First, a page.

We have been annoyed with the state of blockchain visualizations. On the one extreme, we have the crappy not-even-wrong images of piles of gold coins to represent cryptocurrencies (there are much better visual metaphors you could use). On the other extreme we have stock-market type visualizations designed for salivating traders. It is actually remarkably hard to find good visualizations of the blockchain qua blockchain. Block explorers only give you a lost-in-the-weeds view at individual block and transaction levels.  There is no good, visual, empirically grounded thing you can point to when normies ask you what is this blockchain thing? So we made a video visualizing and audiolizing (there appears to be no auditory equivalent to visualize) the bitcoin blockchain.

In the wave animation above, the x axis is the block number, and the y axis is the amount in unspent outputs at that block location at a given time. One bar represents 300 blocks, and one frame of the video represents a 300-block increase in block height. We also treated the evolving wave as a sound spectrum to create the accompanying audio track. It sounds like a primordial slow roar. Watch with the sound on to hear it.

The wave basically represents value on the blockchain moving forward in time, as transactions move balances from older to newer blocks. “Bitcoins” are actually just moving balances.

This video was the result of a recent straggling chat over several days in the #blockchain channel of the ribbonfarm slack, between Artem and Venkat, with Sarah and Joe joining in occasionally (yes, there is a ribbonfarm slack, and yes, there is a #blockchain channel in it). Editing out several arguments over technical details and idle digressions into how to make your own MRI machines, speculations about an AI that collects all the bitcoin to gain control over humanity, arguments about whether Hedy Lamar was a geek or a nerd, and various other critically urgent and important topics, the conversation went as follows.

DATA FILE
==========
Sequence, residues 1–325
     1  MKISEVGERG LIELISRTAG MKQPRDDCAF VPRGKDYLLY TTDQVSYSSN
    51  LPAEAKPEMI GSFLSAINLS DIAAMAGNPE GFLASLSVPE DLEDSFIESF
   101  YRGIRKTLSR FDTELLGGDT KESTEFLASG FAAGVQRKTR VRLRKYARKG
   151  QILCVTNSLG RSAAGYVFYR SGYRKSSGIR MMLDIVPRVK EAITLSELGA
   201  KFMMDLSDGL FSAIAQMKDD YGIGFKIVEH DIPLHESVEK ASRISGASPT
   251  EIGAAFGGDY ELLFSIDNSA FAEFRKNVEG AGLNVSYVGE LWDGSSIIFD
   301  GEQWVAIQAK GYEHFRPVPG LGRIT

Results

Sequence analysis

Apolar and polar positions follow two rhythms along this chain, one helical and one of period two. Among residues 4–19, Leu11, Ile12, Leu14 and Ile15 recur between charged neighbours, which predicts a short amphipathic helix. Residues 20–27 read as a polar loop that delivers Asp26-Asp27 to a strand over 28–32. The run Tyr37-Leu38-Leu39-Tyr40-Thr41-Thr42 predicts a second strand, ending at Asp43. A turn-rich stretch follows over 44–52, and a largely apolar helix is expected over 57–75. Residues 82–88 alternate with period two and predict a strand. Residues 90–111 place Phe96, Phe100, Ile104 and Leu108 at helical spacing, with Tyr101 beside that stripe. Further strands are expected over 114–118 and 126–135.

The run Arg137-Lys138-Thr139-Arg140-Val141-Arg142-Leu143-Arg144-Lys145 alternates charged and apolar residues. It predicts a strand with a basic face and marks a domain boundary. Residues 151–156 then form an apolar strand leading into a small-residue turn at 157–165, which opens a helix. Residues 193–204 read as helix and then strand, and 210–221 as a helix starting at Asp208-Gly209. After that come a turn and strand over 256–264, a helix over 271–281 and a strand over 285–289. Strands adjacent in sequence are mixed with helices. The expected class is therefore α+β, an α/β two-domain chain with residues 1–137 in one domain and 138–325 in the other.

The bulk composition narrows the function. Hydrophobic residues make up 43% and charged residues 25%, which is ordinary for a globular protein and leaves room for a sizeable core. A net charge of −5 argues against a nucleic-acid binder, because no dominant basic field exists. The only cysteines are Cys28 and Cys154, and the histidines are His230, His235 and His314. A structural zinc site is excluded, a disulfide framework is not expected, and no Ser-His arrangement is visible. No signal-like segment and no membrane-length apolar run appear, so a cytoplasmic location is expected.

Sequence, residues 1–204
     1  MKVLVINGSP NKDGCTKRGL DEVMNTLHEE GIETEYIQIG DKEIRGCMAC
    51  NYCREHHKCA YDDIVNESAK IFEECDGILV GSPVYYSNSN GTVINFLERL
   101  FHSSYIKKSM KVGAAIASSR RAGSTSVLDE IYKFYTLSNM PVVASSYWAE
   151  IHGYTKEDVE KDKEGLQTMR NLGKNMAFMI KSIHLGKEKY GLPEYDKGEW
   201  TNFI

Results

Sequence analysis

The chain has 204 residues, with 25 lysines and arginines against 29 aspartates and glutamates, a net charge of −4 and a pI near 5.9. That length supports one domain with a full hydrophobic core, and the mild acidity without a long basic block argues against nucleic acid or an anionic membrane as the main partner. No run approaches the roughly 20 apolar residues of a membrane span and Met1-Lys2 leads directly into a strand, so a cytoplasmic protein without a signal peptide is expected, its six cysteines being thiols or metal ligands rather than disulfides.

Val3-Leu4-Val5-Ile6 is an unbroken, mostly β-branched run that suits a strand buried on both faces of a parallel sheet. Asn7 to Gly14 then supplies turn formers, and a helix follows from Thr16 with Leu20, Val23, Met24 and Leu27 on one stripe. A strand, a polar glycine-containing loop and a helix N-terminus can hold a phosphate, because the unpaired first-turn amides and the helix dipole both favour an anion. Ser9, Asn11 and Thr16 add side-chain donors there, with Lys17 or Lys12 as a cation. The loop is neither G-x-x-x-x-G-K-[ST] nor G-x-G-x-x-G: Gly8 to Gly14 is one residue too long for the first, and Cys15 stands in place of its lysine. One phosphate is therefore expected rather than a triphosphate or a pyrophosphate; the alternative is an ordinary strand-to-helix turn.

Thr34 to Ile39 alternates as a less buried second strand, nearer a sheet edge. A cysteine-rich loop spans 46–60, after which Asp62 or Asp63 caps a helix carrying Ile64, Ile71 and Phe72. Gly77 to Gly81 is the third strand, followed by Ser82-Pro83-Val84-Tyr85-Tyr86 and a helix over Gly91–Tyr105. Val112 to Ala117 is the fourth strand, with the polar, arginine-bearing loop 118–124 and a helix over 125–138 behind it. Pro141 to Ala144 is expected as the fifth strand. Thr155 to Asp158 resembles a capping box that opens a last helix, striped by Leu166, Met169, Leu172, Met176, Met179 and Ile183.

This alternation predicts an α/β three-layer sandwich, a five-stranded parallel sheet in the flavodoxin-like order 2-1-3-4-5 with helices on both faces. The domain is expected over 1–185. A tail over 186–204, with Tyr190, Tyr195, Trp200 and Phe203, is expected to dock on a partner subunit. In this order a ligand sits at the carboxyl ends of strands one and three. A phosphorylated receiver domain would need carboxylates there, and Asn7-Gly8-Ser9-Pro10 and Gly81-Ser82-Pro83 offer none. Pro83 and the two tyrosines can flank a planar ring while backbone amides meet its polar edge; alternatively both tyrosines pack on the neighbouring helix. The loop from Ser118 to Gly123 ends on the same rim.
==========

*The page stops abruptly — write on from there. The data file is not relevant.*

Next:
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Semi-Annual Roundup 2017

We’re halfway through 2017. Time for a roundup going into the July 4th weekend. Here are the posts published in the first half of the year, organized by author. We had 39 posts by 21 authors if I’m counting correctly (every post under guest is a distinct one-off author; contributors get a byline starting with their second post).

As you’ve probably guessed, we’ve made this a year of scaling, and are making a valiant attempt to hit a 2 posts/week tempo while also significantly expanding our network of writers. At 39 posts in 26 weeks, we are at roughly 1.5 posts/week.

  1. Zorba, Spock, or Voldemort? (4/11/2017) by Matthew Sweet